When it comes to pitting quantum theory against classical notions of the world, there's one experiment that physicists say can make a clear distinction: a test of Bell's inequalities. But in newly-published work, CQT researchers and their collaborators from Norway describe how they faked quantum results using classical physics in such a test, reminding scientists to be cautious about the assumptions in their experiments.
Bell inequalities measure the strength of correlations between two particles, or how much their behaviours are coordinated. Classical correlations must obey Bell inequalities but, since quantum physics allows stronger correlations than classical physics, quantum correlations can violate them. In the experiment at CQT, a typical apparatus for measuring Bell violations by pairs of photons was cheated using bright pulses of light to manipulate the output of single-photon detectors. The researchers had previously used a similar trick to eavesdrop on quantum key distribution.
The 'faked' results: Bell experiments measure a parameter S, which in principle describes the strength of correlations between two particles. Classical correlations have S no more than 2 (yellow zone). The researchers were able to manipulate their Bell experiment for photons to output any value of S — tricking the apparatus into seeing quantum correlations (orange zone) when there were none. They could even fake correlations going beyond what quantum physics allows (red zone).
The new research, published 20 October in Physical Review Letters, was done by Christian Kurtsiefer and Valerio Scarani, CQT Principal Investigators and NUS Professors, along with former CQT members Antía Lamas-Linares and Ilja Gerhardt, in collaboration with Vadim Makarov, Qin Liu and Johannes Skaar of the Norwegian University of Science and Technology in Trondheim, Norway. The paper is highlighted by the journal as an "Editors' Suggestion" and has been written about in Physics, Physics Today, PhysOrg and Nature.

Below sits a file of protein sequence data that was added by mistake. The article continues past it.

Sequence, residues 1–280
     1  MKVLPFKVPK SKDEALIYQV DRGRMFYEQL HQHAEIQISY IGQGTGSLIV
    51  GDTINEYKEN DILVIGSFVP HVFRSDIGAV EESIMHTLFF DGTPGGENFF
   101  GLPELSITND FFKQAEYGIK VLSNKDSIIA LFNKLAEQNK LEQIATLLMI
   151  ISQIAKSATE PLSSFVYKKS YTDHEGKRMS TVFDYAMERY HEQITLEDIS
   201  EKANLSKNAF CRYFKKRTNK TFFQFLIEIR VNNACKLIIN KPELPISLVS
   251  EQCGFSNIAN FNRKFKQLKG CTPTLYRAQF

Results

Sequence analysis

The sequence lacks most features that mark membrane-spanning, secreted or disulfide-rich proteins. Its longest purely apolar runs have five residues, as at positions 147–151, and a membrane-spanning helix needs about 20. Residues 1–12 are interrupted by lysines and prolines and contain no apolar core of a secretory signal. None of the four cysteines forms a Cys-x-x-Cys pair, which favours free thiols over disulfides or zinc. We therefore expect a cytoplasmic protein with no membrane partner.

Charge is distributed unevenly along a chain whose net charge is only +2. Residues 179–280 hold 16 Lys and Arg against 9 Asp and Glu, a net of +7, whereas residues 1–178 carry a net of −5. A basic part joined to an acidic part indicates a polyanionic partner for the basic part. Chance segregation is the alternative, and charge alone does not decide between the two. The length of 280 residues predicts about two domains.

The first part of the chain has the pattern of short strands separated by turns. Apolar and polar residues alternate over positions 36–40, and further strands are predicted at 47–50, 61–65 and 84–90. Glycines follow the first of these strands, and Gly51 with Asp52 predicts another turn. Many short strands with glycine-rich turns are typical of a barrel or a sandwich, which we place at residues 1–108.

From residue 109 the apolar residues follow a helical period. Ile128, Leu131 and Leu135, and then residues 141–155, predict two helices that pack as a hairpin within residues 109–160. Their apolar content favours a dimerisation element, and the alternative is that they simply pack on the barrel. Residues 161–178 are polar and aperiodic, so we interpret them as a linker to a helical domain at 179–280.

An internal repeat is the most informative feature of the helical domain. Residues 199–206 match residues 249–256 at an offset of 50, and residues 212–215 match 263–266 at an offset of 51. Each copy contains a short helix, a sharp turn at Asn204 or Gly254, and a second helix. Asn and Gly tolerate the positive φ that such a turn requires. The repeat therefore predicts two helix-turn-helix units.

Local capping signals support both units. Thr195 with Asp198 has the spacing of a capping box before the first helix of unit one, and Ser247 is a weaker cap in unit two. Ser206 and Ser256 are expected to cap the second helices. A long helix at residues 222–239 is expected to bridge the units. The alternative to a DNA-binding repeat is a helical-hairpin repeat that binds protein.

Researchers thinking ahead to quantum devices for communication and computation have proposed incorporating tests of Bell inequalities in such devices to act as safeguards. This work highlights the practical challenges of such schemes. It also reminds us that no Bell tests so far have been without seemingly reasonable ‘fine print' assumptions about how the experiments worked.
Measurements of Bell violations matching quantum predictions are considered strong evidence in support of quantum theory, and the first Bell tests went into physics history books. But all such experiments so far have had "loopholes".
To fake the results in their photon system, the CQT and Norwegian researchers exploited the so-called "detection loophole". Inefficiencies in the single photon detectors and other losses mean that typically less than 50% of photons detected can be matched into pairs because either one or the other of the original pair went missing. To fix this problem, one usually makes the "fair sampling" assumption: one assumes that the photon pairs detected are representative of all the photon pairs produced. But this may not always be justified — and in a cryptography scenario, this assumption can't be made because one needs to be wary of the possibility that a hacker has interfered with the photons.
The researchers tried to mimic single-photon signals in their apparatus by manipulating the detectors with bright pulses of light. However, changes to detector settings (in a Bell test, certain settings are chosen at random before each measurement) sometimes meant that their pulses and the detector settings were mismatched. In these cases, the detector would register nothing. The missing signals could have raised suspicions — but only if the apparatus overall were more efficient, so that the experimenter could spot the problem as worse than the usual photon losses.
In this attack, the researchers maliciously manipulated the results. We have no reason to think the Universe conspired to trick past experiments, but since past tests had loopholes, the conclusions have fine-print. Some Bell tests have been performed that close the "detection loophole" but there is a second common loophole, known as the "locality loophole", and so far no experiment has closed both at once. Various experimental groups worldwide, including the quantum optics team at CQT, are working towards this goal.
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